Philosophers often talk about intuition, and it isn’t always altogether clear what they mean. Many philosophers talk about being sceptical of intuition altogether (which, as I will try to show, is tantamount to an abandonment of classical rationalism and instead a commitment to empiricism). Some silly objections need to pushed out of the way right away. The first is that we don’t know what intuition is, and this is good reason for thinking that we are not justified in using it. There are, of course, two ways to interpret “we don’t know _”, and thus it may depend how we mean that. First, if it means we simply do not have a working understanding of how intuition works, then it can be dealt with quite easily. If, on the other hand, somebody means that they do not even know what ‘intuition’ refers to it is difficult to know exactly where to begin. Bracketing the second scenario for a moment, we can say of the first that: the objection is unreasonable. It is not very controversial to say that we use things like touch and sight all the time, inferring beliefs from both or either without ever needing to inform ourselves about how exactly the processes of sight or touch work. We generally do not think that one needs to have an entire account of how sight or touch work before they can justifiably infer beliefs from their sensitive experience – beliefs which may plausibly be justified. Intuition serves at least as a starting point, such that absent some good reason to think that our intuition is wrong or misleading, we are justified in believing it.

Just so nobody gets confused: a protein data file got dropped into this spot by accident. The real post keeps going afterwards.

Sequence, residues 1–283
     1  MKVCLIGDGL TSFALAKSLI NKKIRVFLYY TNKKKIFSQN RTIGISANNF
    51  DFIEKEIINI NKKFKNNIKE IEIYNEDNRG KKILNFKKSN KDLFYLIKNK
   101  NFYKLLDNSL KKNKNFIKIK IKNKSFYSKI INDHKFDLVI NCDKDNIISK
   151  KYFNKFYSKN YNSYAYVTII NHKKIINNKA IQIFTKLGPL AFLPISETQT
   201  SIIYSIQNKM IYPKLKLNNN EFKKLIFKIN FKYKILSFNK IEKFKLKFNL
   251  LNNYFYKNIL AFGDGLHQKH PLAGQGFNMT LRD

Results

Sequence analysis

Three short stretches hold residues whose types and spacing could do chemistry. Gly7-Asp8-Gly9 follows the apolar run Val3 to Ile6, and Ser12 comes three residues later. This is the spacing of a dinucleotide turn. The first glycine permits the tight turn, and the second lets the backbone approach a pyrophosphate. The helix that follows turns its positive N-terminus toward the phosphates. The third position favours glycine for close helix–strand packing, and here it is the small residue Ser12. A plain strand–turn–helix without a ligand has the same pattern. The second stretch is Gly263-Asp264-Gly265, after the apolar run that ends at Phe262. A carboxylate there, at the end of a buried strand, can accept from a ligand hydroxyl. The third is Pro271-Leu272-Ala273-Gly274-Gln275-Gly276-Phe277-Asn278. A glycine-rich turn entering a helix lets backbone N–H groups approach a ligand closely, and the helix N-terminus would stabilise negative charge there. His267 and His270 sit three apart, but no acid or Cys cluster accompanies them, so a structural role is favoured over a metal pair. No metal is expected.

Another objection is that intuition is known to regularly inspire false beliefs. That is to say, in contrast to processes like sight or touch, the beliefs which we infer from our intuitive experience are not reliably generated. This seems, at first blush, to be a more powerful objection, but I don’t think it is much more persuasive. One can, for instance, call into question whether it is really our intuitions which lead us to false beliefs. Moreover, it may still be axiomatic that we need to begin somewhere, and intuition is the only possible place to begin. Critics who don’t recognize this point are, I suspect, operating with a different definition of intuition than the one most ‘Rationalists’ are. For instance, Gottfried Leibniz, in his New Essays on Human Understanding, Book IV, defines intuition as follows:
Knowledge is intuitive when the mind perceives that two ideas agree or disagree, seeing this just by considering them and without help from any third idea serving as a link between them. Intuitive knowledge doesn’t involve any work of proving or examining the truth that is known. As ·immediately· as the eye sees light, the mind perceives that white is not black, a circle is not a triangle, three is one and two.
It is difficult to see where else one is to begin than those things which are perceived immediately and self-evidently by the mind. Notice that this definition differs (or must differ) quite a lot from whatever the critic has in mind. Now, often times people will say they have intuitions about things like the laws of logic. For instance one might say that they have an intuition (immediately perceive in the mind) that what the law of non-contradiction stipulates is true (laws cannot be true or false). Alternatively a philosopher might say that their intuition compels them to believe in causes in the world, or at least in the Principle of sufficient reason (without which even predication in language might be rendered senseless). The list goes on, but I suspect the point is clear. Somebody may say that their intuition leads them to disbelieve, say, in the PSR but in that case they are appealing to intuition just the same. Alternatively somebody can call into question whether another person’s intuition really is leading them to believe in some belief ‘x’, or whether there is some linguistic or other confusion/factor which can account for their belief along with why they suspected the belief to be intuitive.
Ultimately I defend intuition as being an epistemological starting point, and I suggest that beliefs which are intuitive ought always to be believed, except in the presence of some defeater.